Sunday, 25 March 2012

EWTR - Sleepy Tired Doctors are Unsafe Doctors

A major newspaper ran a campaign last year in association with one of the surgical royal colleges against the European Working Time Regulation for doctors especially for surgeons. I am finding it uneasy that we seem to have lost balance on this issue and chosen to take the campaign mode. We learn that the Government could ask for an exemption from EWTR for British doctors. Having done training posts in the pre-EWTD era and regularly worked more than 80 hour weeks in surgery, I welcome the European Working Time Regulation especially for doctors in training; but it not just a matter of opinion.

Acute sleep deprivation has been shown to result in more errors, longer time to complete tasks, slower reaction times resulting in a deterioration in clinical performance. This is the case in both In simulated and real time environment. There are important consequences for chronic sleep deprivation as well. The issue is not just about the duration of sleep but also the importance of quality of sleep, which is indirectly reflected in some of the rules of the EWTR regarding continuous uninterrupted rest periods. Healthcare claims to be learning from the airline industry, the airline industry recognised the issue of working hours and rest and has very strict rules for the pilots regarding flying hours; it is well known that scheduled commercial airlines rank very high in safety.

Since the gradual implementation of the working time directive, now a regulation, this country has not seen any objective worsening of clinical standards such as mortality or complications; in fact most parameters have shown an improvement in standards of care, obviously there is no implication of cause and effect here. However, surveys showing perception that patient care has possibly become unsafe are not really borne out by objective evidence; as a profession based on science we must be aware of both the power and limitations that perceptions can have. Further, I am not aware of even a single consultant level doctor appointed in recent times who has stopped being a consultant and gone back to training due to any recognition that the EWTD allowed poor training. 

If indeed, as a country we wanted to act on a survey perception that EWTR is affecting training, instead of putting patients at potential risk by asking doctors to work longer hours, the powers in charge of training should have addressed the issue by prolonging the period required to complete the training. Part-time trainees do this all the time while providing equal quality of care and with the changing gender profile of the medical profession this becomes even more relevant.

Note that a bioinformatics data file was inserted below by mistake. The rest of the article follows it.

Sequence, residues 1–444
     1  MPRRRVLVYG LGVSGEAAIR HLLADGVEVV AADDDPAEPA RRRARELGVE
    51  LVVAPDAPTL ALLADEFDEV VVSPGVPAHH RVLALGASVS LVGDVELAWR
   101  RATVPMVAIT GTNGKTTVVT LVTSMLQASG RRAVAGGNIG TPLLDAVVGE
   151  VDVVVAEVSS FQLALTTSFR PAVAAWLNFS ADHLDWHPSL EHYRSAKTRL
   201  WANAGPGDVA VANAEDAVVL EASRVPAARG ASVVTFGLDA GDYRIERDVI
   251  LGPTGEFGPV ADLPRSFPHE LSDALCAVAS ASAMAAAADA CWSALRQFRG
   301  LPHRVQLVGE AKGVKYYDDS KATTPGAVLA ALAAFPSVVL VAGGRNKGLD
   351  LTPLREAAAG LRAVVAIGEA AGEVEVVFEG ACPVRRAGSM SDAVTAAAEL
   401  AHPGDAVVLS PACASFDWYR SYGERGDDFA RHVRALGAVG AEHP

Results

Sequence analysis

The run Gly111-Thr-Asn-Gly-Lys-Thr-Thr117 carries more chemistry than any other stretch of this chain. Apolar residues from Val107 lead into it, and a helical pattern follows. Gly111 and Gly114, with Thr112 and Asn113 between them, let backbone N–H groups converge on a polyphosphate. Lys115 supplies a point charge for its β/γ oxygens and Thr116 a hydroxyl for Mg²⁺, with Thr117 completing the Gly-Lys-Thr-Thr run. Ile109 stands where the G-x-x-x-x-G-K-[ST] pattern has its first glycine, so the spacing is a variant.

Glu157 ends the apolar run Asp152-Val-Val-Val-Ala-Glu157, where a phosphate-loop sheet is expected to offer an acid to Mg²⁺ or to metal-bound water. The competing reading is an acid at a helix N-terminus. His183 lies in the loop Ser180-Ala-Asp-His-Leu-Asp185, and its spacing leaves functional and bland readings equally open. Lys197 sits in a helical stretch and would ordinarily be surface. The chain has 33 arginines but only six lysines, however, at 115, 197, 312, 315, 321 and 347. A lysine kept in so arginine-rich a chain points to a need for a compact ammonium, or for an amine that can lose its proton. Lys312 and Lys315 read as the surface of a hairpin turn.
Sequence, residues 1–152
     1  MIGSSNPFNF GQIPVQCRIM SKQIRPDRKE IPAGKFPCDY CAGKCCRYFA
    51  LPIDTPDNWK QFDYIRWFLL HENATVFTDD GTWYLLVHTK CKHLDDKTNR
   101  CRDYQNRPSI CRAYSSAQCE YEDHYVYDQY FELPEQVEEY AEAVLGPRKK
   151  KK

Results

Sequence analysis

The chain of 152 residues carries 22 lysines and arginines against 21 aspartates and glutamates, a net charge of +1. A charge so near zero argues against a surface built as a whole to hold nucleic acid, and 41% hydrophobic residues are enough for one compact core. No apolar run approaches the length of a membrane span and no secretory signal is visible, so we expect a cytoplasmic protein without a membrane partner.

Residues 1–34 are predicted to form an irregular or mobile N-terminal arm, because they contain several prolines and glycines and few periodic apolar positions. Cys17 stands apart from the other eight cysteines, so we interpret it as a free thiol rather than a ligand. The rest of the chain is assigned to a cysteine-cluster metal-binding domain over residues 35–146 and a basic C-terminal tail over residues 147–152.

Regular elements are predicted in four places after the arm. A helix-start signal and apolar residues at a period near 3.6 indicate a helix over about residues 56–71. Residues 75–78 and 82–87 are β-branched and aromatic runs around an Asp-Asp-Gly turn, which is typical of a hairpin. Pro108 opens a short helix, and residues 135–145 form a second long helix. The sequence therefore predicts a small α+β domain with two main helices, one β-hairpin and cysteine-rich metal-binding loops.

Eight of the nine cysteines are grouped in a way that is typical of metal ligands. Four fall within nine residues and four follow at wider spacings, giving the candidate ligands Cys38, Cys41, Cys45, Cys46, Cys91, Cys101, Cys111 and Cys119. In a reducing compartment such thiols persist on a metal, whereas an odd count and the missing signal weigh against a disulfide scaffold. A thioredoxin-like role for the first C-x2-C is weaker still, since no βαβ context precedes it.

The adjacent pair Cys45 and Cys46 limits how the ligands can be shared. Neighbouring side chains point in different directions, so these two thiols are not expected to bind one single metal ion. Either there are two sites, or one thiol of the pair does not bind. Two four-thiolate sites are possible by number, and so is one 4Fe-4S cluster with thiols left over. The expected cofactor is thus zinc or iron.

Europeans, in consideration of a better quality of life have taken a societal direction to work lesser hours and for British doctors to some how claim that we are very different from the society we live in, is an attitude incompatible with modern life. Doctors are not super human, though it may seem some of us ardently wish to be so.

There is no scientific, operational or societal reasons to oppose the EWTR. I think it is time to recognise this before the society begins to wonder if there were considerations other than these in the medical profession's decision making; that would damage the image of the profession. There have also been recent suggestions that we can ignore the law, such a thinking does not bode well for a profession held in high esteem by the public. The issue is about safer healthcare, longer duration of working which is highly likely to result in sleep deprivation impacts adversely on safety. 

If I had the opportunity to choose my doctor I would obviously opt for a well qualified and experienced one who is not tired, I am not sure anyone would choose otherwise. Is it unreasonable to ask the government to ensure the same for me through the NHS?

Monday, 19 March 2012

Personalise your cuisine in this restaurant

Personalise your cuisine in this restaurant. Where can you get truly personalised healthcare?

There is a very unique restaurant in Hull that works on amazingly innovative concepts. Its purely vegetarian which in itself is a rare thing for a native British restaurant, it is open only when they have enough bookings, serve only buffet, the first person to book for the day gets to choose the buffet menu, the menu can be from anywhere in the world and many more extraordinary features. Recommend that you checkout their website:
I have been there, it is certainly not the greatest place on earth in terms of decor, service or food. But I still hold that their concepts are unique, praiseworthy and successful.
Wonder what is the lesson from this to healthcare? How can I learn from this? How can I personalise the care I provide to the patients I deal with in a way that is determined by the patients at a very low price, close to home, be profitable, while at the same time having my individuality stamped on it?

I have no personal interest of any sort in this restaurant. I am just amazed by their fabulous and exclusive concepts.

Sunday, 11 March 2012